David Bourget (Western Ontario)
David Chalmers (ANU, NYU)
Rafael De Clercq
Jack Alan Reynolds
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Poznan Studies in the Philosophy of the Sciences and the Humanities 84 (1):343-359 (2005)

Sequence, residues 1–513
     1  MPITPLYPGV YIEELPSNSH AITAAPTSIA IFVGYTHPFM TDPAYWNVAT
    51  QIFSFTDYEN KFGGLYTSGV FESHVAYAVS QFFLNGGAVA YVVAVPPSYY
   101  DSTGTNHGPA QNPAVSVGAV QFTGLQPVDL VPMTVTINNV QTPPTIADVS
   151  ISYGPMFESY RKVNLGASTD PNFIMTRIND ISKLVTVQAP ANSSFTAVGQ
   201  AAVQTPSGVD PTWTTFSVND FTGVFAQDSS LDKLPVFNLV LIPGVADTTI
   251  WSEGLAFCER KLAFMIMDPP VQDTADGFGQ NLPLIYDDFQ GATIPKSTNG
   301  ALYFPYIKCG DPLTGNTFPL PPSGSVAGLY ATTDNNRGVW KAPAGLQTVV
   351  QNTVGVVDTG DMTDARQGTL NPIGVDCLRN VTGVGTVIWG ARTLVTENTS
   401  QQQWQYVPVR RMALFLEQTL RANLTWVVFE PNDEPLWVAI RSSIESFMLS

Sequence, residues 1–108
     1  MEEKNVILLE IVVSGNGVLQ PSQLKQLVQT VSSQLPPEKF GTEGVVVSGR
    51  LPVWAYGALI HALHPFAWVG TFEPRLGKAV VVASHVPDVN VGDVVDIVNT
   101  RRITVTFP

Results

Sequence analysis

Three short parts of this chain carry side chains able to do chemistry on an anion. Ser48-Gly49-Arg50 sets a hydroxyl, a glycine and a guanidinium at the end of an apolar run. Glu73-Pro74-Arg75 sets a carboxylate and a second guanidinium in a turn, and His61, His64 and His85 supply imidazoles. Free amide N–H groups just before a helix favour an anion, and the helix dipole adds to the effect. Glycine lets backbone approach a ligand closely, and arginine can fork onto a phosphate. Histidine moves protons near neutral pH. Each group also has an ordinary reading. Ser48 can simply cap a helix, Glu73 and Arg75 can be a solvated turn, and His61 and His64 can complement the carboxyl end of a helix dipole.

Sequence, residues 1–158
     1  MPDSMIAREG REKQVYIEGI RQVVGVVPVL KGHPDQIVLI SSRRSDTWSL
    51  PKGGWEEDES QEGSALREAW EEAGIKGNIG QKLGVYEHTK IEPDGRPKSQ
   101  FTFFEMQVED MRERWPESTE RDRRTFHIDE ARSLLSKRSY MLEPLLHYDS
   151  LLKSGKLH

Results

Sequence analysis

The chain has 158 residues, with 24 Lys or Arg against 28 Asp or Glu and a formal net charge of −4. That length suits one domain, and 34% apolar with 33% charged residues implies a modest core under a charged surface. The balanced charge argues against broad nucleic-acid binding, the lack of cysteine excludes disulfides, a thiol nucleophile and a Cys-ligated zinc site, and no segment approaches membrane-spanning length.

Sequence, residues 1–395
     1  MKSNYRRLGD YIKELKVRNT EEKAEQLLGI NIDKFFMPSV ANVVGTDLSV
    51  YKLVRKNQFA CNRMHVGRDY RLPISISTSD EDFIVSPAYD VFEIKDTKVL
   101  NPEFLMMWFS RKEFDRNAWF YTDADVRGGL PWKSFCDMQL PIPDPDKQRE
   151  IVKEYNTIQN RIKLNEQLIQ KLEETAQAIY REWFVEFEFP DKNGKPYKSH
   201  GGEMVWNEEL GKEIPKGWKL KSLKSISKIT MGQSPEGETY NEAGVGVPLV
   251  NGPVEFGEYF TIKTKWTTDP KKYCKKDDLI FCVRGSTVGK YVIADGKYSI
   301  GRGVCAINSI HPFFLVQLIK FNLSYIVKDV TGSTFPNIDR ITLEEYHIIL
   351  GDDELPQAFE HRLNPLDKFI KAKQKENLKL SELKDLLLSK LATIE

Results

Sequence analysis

This paper explores structuralism as a way to model theories from scientific practice. As a case study I analyzed a theory about the dynamics of the basal ganglia, a part of the brain that is involved in Parkinson's disease. After introducing the case study I explore how to structurally represent qualitative assumptions about disease, intervention and dynamical systems in general. I further explicate the structure of the basal ganglia theory in detail, how it explains Parkinson's disease and how it implies treatments. I close with a consideration of how a structuralist representation could be useful in practice to explore and develop theories with the aid of a computer.
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